Police said they are appealing for witnesses to the burglary that took place on Chichester Street between 18:00 GMT on Wednesday and 10:00 on Thursday.
Mrs Bradley said the family believed the gallery had been targeted by people who "knew what they were doing".
Some of the stolen art was ordered by customers in time for Christmas
"We think someone had hidden in the gallery and opened the back door," she said.
"I was in last night with my daughter at about 21:30. We hope somebody wasn't in there with us.
"It would have taken a long time. These are big and heavy pieces - I can only lift one picture at a time.
"My sister opened at 10 o'clock this morning and it was all gone."
Ashley Bradley said her husband was "completely floored" over the thefts
Mrs Bradley, who vowed that the gallery would re-open on Friday, urged anyone who has any information to come forward.
"We're going straight back to work. Nobody was hurt. Hopefully we have enough time before Christmas to replace what can be replaced.
"My hope is a fan of Terry will see this art being passed off. I know they'll be outraged when they hear this has happened.
"If someone sees them, they will know what they are and hopefully come forward with information so we can get them back."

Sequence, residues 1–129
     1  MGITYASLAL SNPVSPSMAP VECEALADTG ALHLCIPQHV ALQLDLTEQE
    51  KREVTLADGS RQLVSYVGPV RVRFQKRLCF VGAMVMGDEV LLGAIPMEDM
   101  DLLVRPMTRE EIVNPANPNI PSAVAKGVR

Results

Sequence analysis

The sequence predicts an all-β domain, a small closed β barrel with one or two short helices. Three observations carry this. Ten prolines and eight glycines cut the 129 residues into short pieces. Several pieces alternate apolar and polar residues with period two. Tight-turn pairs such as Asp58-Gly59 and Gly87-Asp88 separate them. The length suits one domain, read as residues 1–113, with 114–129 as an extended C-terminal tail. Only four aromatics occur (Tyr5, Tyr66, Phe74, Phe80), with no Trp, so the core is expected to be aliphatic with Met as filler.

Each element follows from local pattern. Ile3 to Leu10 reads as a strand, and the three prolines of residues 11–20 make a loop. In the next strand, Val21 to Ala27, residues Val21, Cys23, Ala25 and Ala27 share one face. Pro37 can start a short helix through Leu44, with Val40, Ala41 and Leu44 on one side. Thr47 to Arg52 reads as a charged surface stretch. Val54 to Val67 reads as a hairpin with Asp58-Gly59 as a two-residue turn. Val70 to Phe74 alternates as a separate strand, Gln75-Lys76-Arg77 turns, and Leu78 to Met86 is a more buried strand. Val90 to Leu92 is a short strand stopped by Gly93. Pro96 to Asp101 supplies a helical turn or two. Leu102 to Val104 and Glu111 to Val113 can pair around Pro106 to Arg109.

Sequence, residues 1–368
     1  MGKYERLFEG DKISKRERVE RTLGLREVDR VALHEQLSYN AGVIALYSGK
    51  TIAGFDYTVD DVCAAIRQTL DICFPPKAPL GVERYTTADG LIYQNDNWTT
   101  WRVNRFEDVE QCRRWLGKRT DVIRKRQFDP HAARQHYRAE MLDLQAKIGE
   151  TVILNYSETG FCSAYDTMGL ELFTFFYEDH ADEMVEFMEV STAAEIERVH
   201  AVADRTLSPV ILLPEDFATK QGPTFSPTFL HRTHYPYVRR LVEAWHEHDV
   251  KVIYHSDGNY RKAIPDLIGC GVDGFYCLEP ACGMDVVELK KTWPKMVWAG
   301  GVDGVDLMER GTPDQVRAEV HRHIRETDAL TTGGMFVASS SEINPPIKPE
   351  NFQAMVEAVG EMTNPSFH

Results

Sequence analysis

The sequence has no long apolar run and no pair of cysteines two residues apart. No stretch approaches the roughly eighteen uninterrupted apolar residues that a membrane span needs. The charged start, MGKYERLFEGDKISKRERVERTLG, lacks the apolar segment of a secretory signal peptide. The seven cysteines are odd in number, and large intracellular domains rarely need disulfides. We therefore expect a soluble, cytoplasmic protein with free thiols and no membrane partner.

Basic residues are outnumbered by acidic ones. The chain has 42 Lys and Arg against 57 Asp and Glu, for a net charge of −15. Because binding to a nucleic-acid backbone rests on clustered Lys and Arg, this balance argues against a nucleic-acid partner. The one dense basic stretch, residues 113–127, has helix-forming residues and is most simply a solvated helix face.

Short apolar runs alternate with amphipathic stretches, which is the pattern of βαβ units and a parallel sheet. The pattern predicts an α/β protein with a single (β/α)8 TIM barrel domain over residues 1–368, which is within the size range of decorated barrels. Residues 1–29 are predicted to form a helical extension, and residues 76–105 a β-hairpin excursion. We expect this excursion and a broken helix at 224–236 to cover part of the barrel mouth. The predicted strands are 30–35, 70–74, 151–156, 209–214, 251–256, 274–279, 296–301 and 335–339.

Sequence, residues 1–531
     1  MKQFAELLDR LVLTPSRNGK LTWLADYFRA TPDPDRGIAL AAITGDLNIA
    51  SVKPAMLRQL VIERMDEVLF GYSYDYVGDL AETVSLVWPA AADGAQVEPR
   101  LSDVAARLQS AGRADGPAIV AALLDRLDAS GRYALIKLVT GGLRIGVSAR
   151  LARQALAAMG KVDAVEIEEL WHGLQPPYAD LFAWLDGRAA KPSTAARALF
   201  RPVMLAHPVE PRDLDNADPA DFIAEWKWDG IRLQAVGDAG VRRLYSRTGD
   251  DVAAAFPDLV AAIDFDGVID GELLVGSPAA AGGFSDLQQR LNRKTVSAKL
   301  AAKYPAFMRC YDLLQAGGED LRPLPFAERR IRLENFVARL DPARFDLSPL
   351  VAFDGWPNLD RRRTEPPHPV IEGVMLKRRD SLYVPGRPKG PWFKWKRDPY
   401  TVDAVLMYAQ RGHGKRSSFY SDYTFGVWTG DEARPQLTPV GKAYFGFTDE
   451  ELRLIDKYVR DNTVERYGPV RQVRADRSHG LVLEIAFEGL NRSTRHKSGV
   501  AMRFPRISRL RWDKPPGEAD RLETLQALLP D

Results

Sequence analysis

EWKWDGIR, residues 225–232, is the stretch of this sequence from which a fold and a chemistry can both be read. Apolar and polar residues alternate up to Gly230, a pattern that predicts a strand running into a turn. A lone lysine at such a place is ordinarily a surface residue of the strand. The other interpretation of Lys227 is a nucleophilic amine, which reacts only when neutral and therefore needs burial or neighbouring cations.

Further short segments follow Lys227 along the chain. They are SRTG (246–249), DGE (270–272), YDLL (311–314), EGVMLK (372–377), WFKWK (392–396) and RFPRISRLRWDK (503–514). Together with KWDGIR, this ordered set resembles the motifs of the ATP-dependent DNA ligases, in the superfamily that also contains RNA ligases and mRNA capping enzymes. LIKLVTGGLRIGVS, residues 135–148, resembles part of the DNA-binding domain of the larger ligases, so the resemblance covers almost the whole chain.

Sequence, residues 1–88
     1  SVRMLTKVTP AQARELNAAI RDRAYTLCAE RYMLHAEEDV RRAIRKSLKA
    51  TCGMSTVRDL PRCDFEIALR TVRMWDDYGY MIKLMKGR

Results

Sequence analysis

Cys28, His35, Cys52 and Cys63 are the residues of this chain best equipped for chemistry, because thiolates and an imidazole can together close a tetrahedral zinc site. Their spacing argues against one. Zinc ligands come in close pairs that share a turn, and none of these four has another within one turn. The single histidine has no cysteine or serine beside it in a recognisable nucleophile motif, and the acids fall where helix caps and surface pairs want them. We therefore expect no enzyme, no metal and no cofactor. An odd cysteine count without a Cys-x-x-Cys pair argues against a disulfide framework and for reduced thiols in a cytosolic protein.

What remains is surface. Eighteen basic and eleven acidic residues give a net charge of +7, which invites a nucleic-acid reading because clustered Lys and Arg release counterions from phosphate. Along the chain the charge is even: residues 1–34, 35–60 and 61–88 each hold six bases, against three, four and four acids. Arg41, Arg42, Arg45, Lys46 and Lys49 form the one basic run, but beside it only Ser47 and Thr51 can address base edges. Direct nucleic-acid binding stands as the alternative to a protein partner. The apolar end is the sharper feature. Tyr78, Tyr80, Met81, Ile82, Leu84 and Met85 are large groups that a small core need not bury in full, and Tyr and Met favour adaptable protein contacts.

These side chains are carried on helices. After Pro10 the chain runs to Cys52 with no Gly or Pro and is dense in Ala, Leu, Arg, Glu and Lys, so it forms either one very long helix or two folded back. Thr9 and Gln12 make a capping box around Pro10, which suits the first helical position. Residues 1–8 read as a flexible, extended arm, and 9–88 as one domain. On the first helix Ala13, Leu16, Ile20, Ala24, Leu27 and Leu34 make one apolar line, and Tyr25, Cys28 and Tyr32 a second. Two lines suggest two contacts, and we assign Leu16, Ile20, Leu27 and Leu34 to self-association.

Police said the burglary happened between 18:00 GMT on Wednesday and Tuesday morning
Stolen artwork by Mr Bradley has been recovered before.
In 2014, two paintings, worth £6,000 each, were taken from a shop in south Belfast. Police found them after a tip-off.

Toronto police search for stolen art worth more than $50K

Art stolen from collector during hospital stay, police say

By Julia Whalen, CBC News Posted: Nov 23, 2016 3:27 PM ET Last Updated: Nov 23, 2016 6:20 PM ET
Police say the stolen artwork is considered valuable and cannot be replaced.
Police say the stolen artwork is considered valuable and cannot be replaced. (Toronto Police)
Police are searching for several paintings worth more than $50,000 after they were stolen from a home in Toronto's Yorkville neighbourhood last month.
Stolen art 1
One of several paintings stolen from a home near Bay Street and Bloor Street West in October. (Toronto Police)
A 79-year-old art collector had a number of paintings hanging in his home near Bay Street and Bloor Street West. Police say he went into hospital on Oct. 16 and died about a week later.
During that time, the paintings — which are considered valuable and cannot be replaced — were stolen.
Detective Constable Matt Fenwick says he believes it happened in the early-morning hours of Oct. 16.
Stolen art 3
The stolen paintings have an estimated value of approximately $50,000. (Toronto Police)
"I wanted to get this out quickly because I believe the art community is an honest community," Fenwick told CBC Toronto. "If these things start turning up for sale, maybe I'll start getting some information."